Thursday, May 12, 2005

Canada Regulates VOIP

by Mark Evans on May 12, 2005 04:52PM (EDT)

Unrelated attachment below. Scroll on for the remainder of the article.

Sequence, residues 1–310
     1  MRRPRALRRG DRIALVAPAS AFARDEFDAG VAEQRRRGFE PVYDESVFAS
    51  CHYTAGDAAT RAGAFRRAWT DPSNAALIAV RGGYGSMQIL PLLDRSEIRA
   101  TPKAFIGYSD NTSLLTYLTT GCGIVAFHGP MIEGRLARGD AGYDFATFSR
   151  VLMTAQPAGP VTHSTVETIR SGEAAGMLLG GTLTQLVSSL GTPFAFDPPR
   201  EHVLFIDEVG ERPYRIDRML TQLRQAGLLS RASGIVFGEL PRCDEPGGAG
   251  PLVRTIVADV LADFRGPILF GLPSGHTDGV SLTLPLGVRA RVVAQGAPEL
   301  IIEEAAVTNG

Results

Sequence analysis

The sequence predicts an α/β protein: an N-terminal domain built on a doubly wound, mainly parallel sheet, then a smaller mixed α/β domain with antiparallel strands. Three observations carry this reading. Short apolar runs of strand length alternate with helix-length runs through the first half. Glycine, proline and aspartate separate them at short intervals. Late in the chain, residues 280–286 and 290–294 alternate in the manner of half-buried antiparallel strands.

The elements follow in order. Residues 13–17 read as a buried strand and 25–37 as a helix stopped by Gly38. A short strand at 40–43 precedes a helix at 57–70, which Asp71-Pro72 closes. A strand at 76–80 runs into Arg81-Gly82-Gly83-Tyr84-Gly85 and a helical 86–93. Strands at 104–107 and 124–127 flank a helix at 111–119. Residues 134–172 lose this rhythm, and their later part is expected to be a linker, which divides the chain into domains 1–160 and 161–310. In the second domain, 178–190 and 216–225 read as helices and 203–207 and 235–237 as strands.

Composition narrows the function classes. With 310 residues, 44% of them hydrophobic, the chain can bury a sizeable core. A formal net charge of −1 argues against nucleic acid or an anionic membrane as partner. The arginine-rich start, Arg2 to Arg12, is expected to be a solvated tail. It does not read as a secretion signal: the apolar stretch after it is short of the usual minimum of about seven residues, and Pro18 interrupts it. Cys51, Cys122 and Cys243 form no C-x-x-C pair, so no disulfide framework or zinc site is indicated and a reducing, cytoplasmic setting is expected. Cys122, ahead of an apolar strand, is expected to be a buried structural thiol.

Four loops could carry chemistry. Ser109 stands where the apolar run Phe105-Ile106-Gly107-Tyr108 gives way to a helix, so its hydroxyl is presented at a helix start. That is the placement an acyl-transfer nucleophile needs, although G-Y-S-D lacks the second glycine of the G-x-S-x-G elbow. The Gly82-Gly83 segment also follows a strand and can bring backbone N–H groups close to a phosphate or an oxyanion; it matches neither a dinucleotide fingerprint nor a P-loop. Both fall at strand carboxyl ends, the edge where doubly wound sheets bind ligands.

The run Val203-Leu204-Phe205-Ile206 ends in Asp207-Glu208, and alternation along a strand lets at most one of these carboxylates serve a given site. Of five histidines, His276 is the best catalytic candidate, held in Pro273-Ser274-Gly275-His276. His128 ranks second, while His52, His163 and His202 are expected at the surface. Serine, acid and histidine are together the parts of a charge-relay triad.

As expected, Canada's telecom regulator has decided to regulate VOIP. It means ILECs such as Bell Canada and Telus Corp. will have to seek pricing approval from the Canadian Radio-television and Telecommunications Commision to ensure they don't sell Internet telephony service below cost, while cablecos and third-party suppliers such as Vonage and Primus are free to price any way they want. Bell Canada, Sasktel and Telus have already said they will appeal the decision to the federal cabinet, and could pursue legal action. The bottom line is the CRTC decided telephony service is telephony service regardless of the technology used to provide it. The CRTC's decision to regulate is not a surprise because it made it clear in a recent ruling there still isn't enough competition in Canada's $10 billion local phone market. (The CRTC does not consider the 10 million wireless users as an alternative to local service). In regulating VOIP, the CRTC is bending over backwards to pursue its pro-competition mandate. If this means hobbling ILECs with regulatory requirements for awhile so be it. When I've had some time to digest today's ruling, I'll provide some more insight.
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